Bahrain's GFH Hopes More Active Investment Will Secure Recovery - Gulf Business
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Bahrain’s GFH Hopes More Active Investment Will Secure Recovery

Bahrain’s GFH Hopes More Active Investment Will Secure Recovery

Gulf Finance House is banking on a revamped business model to revive its fortunes.

Bahrain-based investment firm Gulf Finance House (GFH) hopes a leaner balance sheet and a revamped business model can revive the fortunes of a firm which once symbolised growth of the Kingdom’s Islamic finance sector.

GFH’s new strategy calls for it to become more involved in its investments, and to hold projects until completion rather than passing them to third parties to develop as was done in the past, its acting chief executive said in a telephone interview.

For several years a hands-off approach worked well for the sharia-compliant investment house, which was founded in 1999. Strong global markets allowed it to book healthy premiums in the stakes it sold in real estate projects.

Profits poured in, totalling $343.3 million in 2007 and $291.9 million in 2008. But the global financial crisis then made it hard for GFH to sell assets and in 2009 it posted a net loss of $728.4 million. Last year, it booked a profit of $10.05 million and in the first quarter of this year, $1.5 million.

“Because the market was hot everything was sellable, but now we are looking at fundamentals and more calculated risks,” said Hisham Al Rayes, who took the helm at GFH in April last year. Formerly chief investment officer, Al Rayes has been with GFH since May 2007.

“We have changed the model – instead of using sub-developers we are now going vertical in the development of our projects.”

The credit crunch piled up liabilities of over $2 billion, and GFH was forced to restructure some of them more than once to avoid defaulting in the years after 2008. But Al Rayes said the company had now slimmed down its debt to $223 million, with maturities extended until 2018 via two-year grace periods.


GFH completed the takeover of English soccer club Leeds United in December through its Dubai-based subsidiary, GFH Capital; it hopes the deal will vindicate its new way of doing business.

It did not give a value for the deal, but its cashflow statement indicates GFH has so far paid over $33 million for Leeds, with a further $42.7 million in liabilities. The statement values the club at $88 million.

“I think it was a transaction that to a certain extent confirmed the recovery of GFH,” said Al Rayes.

Because of its debt burden, GFH may not be able to put as much money into Leeds as other Gulf investors have showered on European soccer clubs such as Manchester City.

But with new players and staff, including former Reading coach Brian McDermott, GFH says it plans to turn Leeds into a sustainable franchise by emulating the success of clubs such as Reading.

“I would like Leeds to reach that stage as well…but you can’t just do changes overnight, you have to do it smoothly. Overall we are looking at the enhancement of operations and enhancement of results.”

GFH has had to outline its strategy not only to its shareholders but also to the soccer club’s vocal fan base, an unusual demand on a firm that has kept a low profile since 2009.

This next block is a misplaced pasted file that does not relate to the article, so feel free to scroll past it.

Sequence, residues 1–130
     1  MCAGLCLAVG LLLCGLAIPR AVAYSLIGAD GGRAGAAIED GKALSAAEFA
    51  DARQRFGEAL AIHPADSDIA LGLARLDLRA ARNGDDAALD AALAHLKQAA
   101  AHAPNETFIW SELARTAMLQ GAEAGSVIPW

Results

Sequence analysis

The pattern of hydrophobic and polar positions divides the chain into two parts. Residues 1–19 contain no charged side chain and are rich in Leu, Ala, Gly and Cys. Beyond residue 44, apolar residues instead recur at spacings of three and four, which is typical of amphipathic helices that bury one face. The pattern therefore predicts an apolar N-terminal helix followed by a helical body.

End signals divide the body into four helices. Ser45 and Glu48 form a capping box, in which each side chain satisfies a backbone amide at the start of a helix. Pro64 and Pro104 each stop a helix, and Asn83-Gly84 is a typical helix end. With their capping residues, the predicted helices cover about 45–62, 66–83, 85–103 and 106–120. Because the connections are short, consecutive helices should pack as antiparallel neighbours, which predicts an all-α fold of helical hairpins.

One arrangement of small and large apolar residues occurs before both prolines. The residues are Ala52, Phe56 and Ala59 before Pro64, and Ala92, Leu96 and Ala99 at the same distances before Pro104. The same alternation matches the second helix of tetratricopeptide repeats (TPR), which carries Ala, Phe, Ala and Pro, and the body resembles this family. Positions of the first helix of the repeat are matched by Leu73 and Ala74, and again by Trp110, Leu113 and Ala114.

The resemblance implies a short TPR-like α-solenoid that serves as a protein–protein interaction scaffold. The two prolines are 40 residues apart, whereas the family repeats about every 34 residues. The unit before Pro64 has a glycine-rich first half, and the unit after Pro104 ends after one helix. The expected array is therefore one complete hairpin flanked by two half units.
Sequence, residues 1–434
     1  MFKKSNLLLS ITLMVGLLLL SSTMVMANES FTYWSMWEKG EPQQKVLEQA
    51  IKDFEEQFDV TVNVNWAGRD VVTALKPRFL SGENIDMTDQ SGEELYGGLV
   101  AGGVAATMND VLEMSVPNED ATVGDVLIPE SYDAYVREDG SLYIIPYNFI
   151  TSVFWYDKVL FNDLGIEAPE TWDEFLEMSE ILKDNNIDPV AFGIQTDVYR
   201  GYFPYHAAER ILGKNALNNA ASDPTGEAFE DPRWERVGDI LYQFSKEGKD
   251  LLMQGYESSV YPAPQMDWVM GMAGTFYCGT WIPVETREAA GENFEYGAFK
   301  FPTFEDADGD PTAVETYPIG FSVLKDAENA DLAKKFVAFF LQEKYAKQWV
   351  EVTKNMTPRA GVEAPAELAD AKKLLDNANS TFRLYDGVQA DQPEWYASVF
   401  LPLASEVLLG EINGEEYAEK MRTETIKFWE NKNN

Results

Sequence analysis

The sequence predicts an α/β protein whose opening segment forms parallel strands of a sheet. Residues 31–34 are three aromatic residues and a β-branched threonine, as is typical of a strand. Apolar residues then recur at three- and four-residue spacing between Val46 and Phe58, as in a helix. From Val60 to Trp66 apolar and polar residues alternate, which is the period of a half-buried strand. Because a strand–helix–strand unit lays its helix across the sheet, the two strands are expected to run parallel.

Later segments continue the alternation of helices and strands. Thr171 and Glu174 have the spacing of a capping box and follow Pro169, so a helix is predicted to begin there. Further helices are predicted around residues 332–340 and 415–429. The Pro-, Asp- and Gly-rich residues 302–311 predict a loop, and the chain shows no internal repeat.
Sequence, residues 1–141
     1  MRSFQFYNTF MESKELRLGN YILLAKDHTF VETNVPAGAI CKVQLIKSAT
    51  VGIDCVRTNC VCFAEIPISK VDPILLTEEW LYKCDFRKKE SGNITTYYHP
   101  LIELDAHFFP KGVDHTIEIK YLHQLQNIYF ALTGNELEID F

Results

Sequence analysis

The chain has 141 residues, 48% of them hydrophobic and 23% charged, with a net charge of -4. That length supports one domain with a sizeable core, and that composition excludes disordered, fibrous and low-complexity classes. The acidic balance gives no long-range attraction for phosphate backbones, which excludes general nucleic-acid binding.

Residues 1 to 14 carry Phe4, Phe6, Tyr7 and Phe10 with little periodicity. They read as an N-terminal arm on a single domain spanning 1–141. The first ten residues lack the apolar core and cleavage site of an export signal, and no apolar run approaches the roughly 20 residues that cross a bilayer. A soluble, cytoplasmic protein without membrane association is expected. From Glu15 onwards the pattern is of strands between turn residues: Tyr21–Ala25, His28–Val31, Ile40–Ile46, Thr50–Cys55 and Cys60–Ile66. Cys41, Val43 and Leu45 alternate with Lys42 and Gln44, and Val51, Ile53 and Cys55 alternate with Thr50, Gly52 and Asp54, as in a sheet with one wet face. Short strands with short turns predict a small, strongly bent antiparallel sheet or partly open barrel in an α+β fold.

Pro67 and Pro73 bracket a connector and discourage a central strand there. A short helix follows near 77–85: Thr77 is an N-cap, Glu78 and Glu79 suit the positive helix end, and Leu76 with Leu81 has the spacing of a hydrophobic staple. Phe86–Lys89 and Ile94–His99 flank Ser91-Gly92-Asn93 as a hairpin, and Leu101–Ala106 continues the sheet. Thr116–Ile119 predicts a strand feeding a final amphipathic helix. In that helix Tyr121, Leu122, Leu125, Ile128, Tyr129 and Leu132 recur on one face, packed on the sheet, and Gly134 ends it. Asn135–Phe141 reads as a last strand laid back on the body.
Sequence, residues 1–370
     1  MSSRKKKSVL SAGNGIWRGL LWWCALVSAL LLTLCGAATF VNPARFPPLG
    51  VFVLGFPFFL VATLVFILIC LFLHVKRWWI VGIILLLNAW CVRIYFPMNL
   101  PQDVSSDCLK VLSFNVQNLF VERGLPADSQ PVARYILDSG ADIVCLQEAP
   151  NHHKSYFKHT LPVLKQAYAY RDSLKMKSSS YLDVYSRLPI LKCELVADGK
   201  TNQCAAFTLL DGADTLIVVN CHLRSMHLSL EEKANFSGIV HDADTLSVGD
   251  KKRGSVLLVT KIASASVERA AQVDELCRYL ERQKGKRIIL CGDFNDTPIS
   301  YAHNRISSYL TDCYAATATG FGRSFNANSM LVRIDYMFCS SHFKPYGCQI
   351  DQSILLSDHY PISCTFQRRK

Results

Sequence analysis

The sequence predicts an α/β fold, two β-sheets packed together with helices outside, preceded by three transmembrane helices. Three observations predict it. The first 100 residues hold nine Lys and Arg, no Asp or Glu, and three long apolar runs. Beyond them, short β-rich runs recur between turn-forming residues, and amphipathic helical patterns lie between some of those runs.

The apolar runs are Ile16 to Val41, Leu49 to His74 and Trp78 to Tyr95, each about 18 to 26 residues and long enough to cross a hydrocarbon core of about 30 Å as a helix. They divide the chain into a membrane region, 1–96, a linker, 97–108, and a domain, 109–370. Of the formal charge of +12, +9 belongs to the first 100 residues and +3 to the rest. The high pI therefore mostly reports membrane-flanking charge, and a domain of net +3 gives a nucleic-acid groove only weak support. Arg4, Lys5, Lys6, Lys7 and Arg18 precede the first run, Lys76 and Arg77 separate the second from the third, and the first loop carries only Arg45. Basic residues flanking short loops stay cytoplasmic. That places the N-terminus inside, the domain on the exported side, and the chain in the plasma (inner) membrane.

GFH classified its stake in Leeds as being “held-for-sale” on its year-end financial statements, but Al Rayes said this did not mean it intended to exit the club any time soon. He said GFH planned to bring new investors into Leeds while retaining an “influential minority” stake, declining to give a figure.

“New investors will come into the club, some directly and some under the GFH name. This will further extend opportunities for Leeds United and further bring resources to the club.”

“To clarify, we are a private equity house – we create funds and create value and then achieve a good return.”

In March, GFH Capital sold a 10 percent stake in Leeds to Bahrain-based International Investment Bank.


GFH also plans to extract value from some of its longstanding investments, such as the proposed merger of affiliate Khaleeji Commercial Bank with Bahraini lender Bank Al Khair. GFH owns 47 per cent of Khaleeji, which is capitalised at BD100 million ($265 million), and is waiting for a valuation of the transaction by consultants PwC.

“In the next six months things will develop. In one or two months we will be clear on valuation,” Al Rayes said.

While GFH expects to reduce its shareholding in Khaleeji, the new entity will benefit from having a more diverse geographical scope that allows it to better weather geopolitical risks, Al Rayes added.

“This takes us from a focus on Bahrain to other markets such as Malaysia, India and Turkey.”

GFH also plans to seek a listing of Bahraini cement and aluminium firm Cemena next year, after it obtains regulatory approval. GFH launched the firm in 2008 with authorised capital of $600 million.

But it has retreated from other projects, such as a proposed purchase of Turkish lender Adabank which was initially announced in 2011. “We entered Turkey with a premium but it was difficult for us to progress on that basis.”

The Turkish banking regulator rejected the bid a year later, saying the consortium including GFH which was buying Adabank had insufficient funds.


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